In 1953 Bolton played in one of the most famous FA Cup finals of all time – The Stanley Matthews Final of 1953. Bolton lost the game to Blackpool 4–3 after gaining a 3–1 lead. Blackpool were victorious thanks to the skills of Matthews and the goals of Stan Mortensen.[19]

Bolton Wanderers have not won a major trophy since 1958, when two Lofthouse goals saw them overcome Manchester United in the FA Cup final in front of a 100,000 crowd at Wembley Stadium.[20] The closest they have come to winning a major trophy since then is finishing runners-up in the League Cup, first in 1995 and again in 2004.

Few highs and many lows (1958–1995)

While Bolton finished 4th the following season, the next 20 years would prove to be a fallow period. The club suffered relegation to the Second Division in 1963–64, and were then relegated again to the Third Division for the first time in their history in 1970–71.[11] This stay in the Third Division lasted just two years before the club were promoted as champions in 1972–73. Hopes were high at Burnden Park in May 1978 when Bolton sealed the Second Division title and gained promotion to the First Division. However, they only remained there for two seasons before being relegated.[21]:36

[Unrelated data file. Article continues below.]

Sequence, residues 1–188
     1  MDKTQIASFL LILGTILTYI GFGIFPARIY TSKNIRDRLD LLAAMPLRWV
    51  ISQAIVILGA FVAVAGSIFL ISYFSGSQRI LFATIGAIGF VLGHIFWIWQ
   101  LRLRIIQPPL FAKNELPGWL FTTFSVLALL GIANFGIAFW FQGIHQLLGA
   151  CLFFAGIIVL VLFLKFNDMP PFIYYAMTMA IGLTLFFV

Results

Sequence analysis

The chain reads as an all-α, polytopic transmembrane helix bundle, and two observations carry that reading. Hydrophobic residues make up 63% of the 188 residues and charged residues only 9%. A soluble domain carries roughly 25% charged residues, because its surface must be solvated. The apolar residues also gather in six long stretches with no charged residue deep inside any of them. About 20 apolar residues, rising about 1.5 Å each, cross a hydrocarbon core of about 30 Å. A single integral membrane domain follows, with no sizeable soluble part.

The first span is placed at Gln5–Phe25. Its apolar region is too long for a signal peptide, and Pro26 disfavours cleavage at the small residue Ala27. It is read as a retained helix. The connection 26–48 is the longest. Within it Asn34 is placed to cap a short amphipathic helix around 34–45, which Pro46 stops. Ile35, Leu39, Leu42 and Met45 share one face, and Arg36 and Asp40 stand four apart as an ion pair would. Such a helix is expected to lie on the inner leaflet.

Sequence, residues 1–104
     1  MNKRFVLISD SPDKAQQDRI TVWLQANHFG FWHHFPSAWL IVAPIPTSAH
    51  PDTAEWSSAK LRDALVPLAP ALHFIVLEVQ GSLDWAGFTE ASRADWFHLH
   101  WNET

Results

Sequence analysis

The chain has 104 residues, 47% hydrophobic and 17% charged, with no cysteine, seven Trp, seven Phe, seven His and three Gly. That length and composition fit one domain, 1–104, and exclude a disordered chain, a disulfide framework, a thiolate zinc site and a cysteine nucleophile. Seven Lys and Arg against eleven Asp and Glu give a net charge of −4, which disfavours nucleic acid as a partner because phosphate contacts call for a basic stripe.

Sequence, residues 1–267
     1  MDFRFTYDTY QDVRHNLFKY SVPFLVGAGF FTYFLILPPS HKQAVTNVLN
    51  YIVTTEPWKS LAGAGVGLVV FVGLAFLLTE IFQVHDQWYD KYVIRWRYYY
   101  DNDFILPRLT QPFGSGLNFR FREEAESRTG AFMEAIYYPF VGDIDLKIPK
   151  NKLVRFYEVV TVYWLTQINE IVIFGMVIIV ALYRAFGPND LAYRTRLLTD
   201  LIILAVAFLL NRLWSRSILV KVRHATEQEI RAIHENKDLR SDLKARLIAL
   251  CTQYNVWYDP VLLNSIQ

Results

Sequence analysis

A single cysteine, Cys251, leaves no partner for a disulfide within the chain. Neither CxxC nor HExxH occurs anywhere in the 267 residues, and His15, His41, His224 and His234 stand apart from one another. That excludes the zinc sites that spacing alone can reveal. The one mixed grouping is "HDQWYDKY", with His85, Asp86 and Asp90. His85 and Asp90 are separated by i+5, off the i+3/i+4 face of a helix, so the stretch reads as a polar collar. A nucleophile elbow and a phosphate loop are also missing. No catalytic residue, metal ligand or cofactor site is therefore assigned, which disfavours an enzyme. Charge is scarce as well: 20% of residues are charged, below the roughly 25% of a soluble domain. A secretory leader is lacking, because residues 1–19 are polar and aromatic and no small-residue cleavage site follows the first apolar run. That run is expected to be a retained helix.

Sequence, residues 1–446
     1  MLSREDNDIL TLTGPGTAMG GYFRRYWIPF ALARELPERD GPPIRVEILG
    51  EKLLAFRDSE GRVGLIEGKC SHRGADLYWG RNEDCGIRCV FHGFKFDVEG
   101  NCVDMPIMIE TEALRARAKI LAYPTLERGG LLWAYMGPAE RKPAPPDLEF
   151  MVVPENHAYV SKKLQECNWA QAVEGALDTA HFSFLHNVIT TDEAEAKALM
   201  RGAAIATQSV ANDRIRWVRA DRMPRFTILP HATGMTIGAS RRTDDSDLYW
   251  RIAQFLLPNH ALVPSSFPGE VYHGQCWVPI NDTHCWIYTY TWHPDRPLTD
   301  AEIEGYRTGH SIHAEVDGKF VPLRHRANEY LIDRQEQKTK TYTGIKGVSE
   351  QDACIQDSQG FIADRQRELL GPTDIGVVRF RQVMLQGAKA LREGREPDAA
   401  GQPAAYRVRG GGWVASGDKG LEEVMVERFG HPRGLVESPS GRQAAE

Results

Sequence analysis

Following relegation in 1980, Bolton signed former Manchester United European Cup winning striker Brian Kidd from Everton for £150,000[22]:90 as they prepared to challenge for a quick return to the First Division. Kidd scored a hat-trick in his third game for Bolton, a 4–0 win over Newcastle United in the league, but the rest of the season was a struggle as Bolton finished close to the relegation places.[22]:91 By the end of the 1981–82 season, Bolton were no closer to promotion and had lost several key players including Peter Reid and Neil Whatmore. The following season Bolton were relegated to the Third Division after losing 4–1 at Charlton Athletic on the final day.[22]:92